In "Because I could not stop for Death—," the speaker translates death into concrete terms. She imagines the personified figures of Death and Immortality stopping in a carriage to take her away on the journey to this other realm. She visualizes time slowing by showing the carriage very slowly passing by scenes such as children playing at recess in a schoolyard, fields of grain, and a sunset. It gets chillier as the speaker journeys more fully into death: presumably her body is getting colder. Finally, the carriage arrives at a strange new house with the roof just above the ground—her grave.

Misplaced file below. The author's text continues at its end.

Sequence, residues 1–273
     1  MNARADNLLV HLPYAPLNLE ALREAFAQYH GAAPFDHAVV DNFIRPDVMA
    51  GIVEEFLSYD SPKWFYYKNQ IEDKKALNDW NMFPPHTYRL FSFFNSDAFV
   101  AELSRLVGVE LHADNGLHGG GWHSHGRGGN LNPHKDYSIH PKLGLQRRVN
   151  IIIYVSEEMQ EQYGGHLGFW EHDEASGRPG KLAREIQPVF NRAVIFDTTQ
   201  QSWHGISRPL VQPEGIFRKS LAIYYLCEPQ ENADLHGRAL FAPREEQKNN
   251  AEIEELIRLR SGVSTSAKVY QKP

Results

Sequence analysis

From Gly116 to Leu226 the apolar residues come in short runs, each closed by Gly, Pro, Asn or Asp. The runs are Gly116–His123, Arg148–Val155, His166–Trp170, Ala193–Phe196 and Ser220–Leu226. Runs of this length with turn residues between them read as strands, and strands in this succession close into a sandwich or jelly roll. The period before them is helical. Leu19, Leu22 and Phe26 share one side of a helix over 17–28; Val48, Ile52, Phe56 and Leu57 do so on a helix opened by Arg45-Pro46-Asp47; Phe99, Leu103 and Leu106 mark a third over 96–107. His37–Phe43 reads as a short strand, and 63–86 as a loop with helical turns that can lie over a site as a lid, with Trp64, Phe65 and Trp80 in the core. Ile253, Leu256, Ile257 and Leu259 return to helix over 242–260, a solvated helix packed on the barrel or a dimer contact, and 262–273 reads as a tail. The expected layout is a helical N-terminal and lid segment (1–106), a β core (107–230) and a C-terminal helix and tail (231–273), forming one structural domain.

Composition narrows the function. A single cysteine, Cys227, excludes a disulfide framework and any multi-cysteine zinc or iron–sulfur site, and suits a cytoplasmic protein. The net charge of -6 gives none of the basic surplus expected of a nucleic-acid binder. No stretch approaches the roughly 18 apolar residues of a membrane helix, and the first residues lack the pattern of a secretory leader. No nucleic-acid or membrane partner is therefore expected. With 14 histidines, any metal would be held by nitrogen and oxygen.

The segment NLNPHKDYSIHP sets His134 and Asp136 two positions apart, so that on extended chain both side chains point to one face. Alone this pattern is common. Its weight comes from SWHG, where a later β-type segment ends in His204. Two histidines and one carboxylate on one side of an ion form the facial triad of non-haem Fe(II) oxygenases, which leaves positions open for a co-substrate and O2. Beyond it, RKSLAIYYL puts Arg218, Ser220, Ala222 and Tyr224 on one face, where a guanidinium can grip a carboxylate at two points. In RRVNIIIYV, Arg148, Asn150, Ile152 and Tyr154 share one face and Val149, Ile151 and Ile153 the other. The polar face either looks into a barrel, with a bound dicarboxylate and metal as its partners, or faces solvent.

What is notable about this poem is the detached way the speaker regards death, as well as the way it is conceived in terms of everyday domestic details of middle-class life in the nineteenth century: a carriage ride, a "kindly" gentleman, a schoolyard, a dress and tippet, and finally, the arrival at a new "House." Yet all of these common elements are defamiliarized and made eerie by the speaker's experience of the journey. Time slows down to the point that the "Centuries" since the speaker died seem shorter than a day, and she observes the world from a strange distance as she adjusts to her new reality.